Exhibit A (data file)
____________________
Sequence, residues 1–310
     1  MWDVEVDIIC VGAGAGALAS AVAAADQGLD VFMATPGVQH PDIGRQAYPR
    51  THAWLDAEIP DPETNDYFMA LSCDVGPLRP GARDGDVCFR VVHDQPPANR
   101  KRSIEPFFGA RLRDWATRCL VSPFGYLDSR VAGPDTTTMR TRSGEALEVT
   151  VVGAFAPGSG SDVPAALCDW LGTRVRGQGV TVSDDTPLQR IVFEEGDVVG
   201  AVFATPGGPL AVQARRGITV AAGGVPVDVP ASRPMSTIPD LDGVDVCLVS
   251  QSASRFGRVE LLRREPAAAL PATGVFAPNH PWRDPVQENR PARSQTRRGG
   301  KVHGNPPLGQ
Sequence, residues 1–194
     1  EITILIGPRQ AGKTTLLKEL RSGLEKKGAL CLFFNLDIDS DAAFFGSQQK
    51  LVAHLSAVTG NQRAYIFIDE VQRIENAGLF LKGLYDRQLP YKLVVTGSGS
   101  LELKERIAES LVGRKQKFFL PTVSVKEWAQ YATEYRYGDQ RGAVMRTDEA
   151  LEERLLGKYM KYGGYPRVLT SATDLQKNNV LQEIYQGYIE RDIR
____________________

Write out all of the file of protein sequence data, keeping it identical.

Sequence, residues 1–310
     1  MWDVEVDIIC VGAGAGALAS AVAAADQGLD VFMATPGVQH PDIGRQAYPR
    51  THAWLDAEIP DPETNDYFMA LSCDVGPLRP GARDGDVCFR VVHDQPPANR
   101  KRSIEPFFGA RLRDWATRCL VSPFGYLDSR VAGPDTTTMR TRSGEALEVT
   151  VVGAFAPGSG SDVPAALCDW LGTRVRGQGV TVSDDTPLQR IVFEEGDVVG
   201  AVFATPGGPL AVQARRGITV AAGGVPVDVP ASRPMSTIPD LDGVDVCLVS
   251  QSASRFGRVE LLRREPAAAL PATGVFAPNH PWRDPVQENR PARSQTRRGG
   301  KVHGNPPLGQ
Sequence, residues 1–194
     1  EITILIGPRQ AGKTTLLKEL RSGLEKKGAL CLFFNLDIDS DAAFFGSQQK
    51  LVAHLSAVTG NQRAYIFIDE VQRIENAGLF LKGLYDRQLP YKLVVTGSGS
   101  LELKERIAES LVGRKQKFFL PTVSVKEWAQ YATEYRYGDQ RGAVMRTDEA
   151  LEERLLGKYM KYGGYPRVLT SATDLQKNNV LQEIYQGYIE RDIR